Sunday, November 29, 2009
Thoughts on formal skill challenge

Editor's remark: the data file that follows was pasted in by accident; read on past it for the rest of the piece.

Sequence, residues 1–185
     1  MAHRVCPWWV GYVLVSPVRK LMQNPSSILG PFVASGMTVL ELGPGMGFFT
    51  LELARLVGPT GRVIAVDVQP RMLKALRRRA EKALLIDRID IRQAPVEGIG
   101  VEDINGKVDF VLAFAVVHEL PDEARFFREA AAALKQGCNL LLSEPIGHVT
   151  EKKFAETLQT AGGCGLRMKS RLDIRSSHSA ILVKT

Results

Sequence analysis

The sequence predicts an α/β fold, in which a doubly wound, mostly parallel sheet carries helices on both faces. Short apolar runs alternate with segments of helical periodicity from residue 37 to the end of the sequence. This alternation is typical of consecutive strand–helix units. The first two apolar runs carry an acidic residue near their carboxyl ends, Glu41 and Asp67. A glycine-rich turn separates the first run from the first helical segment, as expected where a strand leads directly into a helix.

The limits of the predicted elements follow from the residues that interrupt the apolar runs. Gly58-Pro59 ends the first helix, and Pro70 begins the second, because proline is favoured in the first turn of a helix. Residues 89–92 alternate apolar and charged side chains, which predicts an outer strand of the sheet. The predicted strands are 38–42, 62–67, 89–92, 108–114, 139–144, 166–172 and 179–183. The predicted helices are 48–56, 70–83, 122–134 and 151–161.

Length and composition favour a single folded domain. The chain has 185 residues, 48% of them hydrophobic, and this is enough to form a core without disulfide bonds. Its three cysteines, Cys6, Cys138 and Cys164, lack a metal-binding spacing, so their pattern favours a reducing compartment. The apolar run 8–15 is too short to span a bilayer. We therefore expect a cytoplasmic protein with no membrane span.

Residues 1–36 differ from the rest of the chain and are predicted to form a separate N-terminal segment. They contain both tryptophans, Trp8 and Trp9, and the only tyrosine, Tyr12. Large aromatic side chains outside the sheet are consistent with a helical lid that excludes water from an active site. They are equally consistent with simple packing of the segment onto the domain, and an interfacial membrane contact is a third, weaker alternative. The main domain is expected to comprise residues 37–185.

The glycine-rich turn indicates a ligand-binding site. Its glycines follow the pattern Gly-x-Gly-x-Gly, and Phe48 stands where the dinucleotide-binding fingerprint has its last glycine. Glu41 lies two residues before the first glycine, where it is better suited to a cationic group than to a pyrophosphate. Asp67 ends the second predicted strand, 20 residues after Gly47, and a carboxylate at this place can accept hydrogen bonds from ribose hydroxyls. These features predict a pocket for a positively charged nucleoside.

I have been ruminating on adding formal skill challenges to our 3.5 game. I am an equal opportunity borrower; I gleefully borrow rules from 4E, earlier editions, other systems, or other folks generously shared house rules. A rule is just a tool for the DM to help run the game. Use the ones that work; delegate those that do not to the garderobe and let the otyugh have them. There is something about the idea that I like. The question for me is: is creating formal skill challenges worth the effort that goes into them? It took me a while to understand what they meant by skill challenges, and how to use them. I suspect I was not the only one based on the amount of chatter on the boards on the topic and the errata and how to files that have been furiously posted after release. Finally after internalizing what was meant the next question was: how is that different from what I do already as DM in the game? I am leaning towards answering my own question with the response of - not much. Example of a simple skill challenge: A character is chasing or being chased. Both the chaser and the chasee have the same movement base. There are rules for resolving this by rolling dice, and if the player does not want to step up and use skills and abilities to resolve this problem then we can use the rule. However, I would much prefer that player take an active role in overcoming this challenge. Tell me how you change this reality? A player might: cast a spell to alter the reality (make themselves faster, opponent slower, stop the opponent outright, etc), tell me how they use their superior strength or endurance to outpace the other, or tell me how they use the environment to their advantage creatively using a skill (strength to push aside brush, escape artist to get through difficult spaces, intimidate or diplomacy to alter a crowd of people, bluff to fool the opponent, the possibilities are nearly endless). I have always viewed the subsections of my adventures as sort of a skill challenge. Yes you fight your way through some of it, but you can use your other tools as well. Usually there are benefits in using a characters various other skills and abilities rather that straight forward hack and cast. So what have they done for me in codifying skill challenges? So far I am thinking not much. I am an experienced DM, so I am usually ready (expecting) for the players to NOT follow the path I set for them and have to improvise. Therefore I am quite accustomed to adjudicating a players creative use of their skills to solve a problem in ways I had not foreseen. Since my track record for predicting what my players will actually do is abysmal at best - what value is there in spending valuable and limited time to 'precisely' define what skills and difficulty levels are required to solve the problem? (I think I am foreshadowing the answer, no?) On the other hand if generous gamers post clever skill challenges that I can borrow and convert with little effort - praise be to Arimal goddess of those who 'borrow' may she bestow her luck on those who enrich my game. My 'skill challenges' are more like a series of balloons and arrows with some logic points (yes go here - no go there; if then else; etc). Sure there are points where I document precisely what is needed to succeed on a certain element, but I do not formalize the entire process. I am not completely done ruminating on this, but so far I am not inclined to spend valuable preparation time in this level of detail.